Large un­der $45K

Wheels (Australia) - - Headtoheaod -

1st Holden Com­modore Evoke

For our lo­cal Lion, go­ing out at the top of its game beats fad­ing into ob­scu­rity hands down. Not only is the VFII a su­perbly honed ver­sion of a lo­cally de­vel­oped leg­end that’s been around for more than a decade, it still stacks up as great value. The en­try-level Evoke V6 starts by be­ing a bit less costly than its podium ma mates, and back­ing that with slightly bet­ter re­sale. Pre­dict­ing the ac­tual fu­ture val­ues o of the last Aussie-built, reardrive Com­mod Com­modores is po­ten­tially tricky. Will used val­ues slu slump when the new model ar­rives? WeW think so. But will they rise se again long-term? Ditto, though per­hapsperh more for a mint SS-V thantha a base car. Then again, a ris­in­gris tide lifts all boats... or, erm,er cars. Mean­time, the big Holden’sHo strengths lie in low- - cost in­sur­ance,in rea­son­able an­nual al fu­el­fue cost, and an odd nine-mon­thonth ser­vice­serv in­ter­val that matches the Au­rion butb not the Su­perb.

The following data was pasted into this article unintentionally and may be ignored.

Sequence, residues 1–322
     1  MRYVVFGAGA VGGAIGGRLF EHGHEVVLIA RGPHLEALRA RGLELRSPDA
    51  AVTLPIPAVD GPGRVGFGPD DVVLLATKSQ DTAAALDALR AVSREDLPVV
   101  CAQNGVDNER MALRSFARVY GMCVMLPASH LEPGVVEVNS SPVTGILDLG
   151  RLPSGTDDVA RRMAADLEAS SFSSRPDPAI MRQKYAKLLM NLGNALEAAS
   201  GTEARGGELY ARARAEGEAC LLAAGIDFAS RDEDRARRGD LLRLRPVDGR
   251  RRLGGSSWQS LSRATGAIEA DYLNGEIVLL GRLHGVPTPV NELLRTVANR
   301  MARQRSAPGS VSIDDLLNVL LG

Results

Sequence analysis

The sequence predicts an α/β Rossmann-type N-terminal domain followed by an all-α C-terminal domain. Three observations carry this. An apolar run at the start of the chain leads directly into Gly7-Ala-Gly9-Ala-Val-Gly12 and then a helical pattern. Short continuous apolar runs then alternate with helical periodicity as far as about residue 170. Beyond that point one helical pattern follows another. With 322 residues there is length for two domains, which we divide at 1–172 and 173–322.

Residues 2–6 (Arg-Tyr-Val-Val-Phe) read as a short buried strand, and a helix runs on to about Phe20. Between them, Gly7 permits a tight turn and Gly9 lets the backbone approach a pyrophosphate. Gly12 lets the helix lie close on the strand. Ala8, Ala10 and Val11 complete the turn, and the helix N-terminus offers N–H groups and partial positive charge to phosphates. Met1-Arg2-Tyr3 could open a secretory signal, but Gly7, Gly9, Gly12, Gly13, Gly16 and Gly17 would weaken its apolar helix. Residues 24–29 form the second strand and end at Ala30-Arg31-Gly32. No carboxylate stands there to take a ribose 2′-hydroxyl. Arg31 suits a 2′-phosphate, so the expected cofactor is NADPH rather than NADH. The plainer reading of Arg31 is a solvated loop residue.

2nd Skoda Su­perb 162 TSI

The Skoda Su­perb is a small fish in sales terms, yet rep­re­sents The New Guard. This is to­day’s way of do­ing big cars, based on mod­u­lar en­gi­neer­ing, front­drive and a down­sized turbo en­gine, the lat­ter help­ing it do its best work in the fuel- cost col­umn.

3rd Toy­ota Au­rion AT-X

A Toy­ota sedan re­mains a rock-solid own­er­ship propo­si­tion, though big cars have nev­ern­eve been greatg at hold­ing their value, as the Au­rion’s 31 per­cent three­year Glass’s re­sale fig­ure il­lus­trates. The $776 an­nual in­sur­ance is 11 bucks less than the Com­modore Evoke’s.

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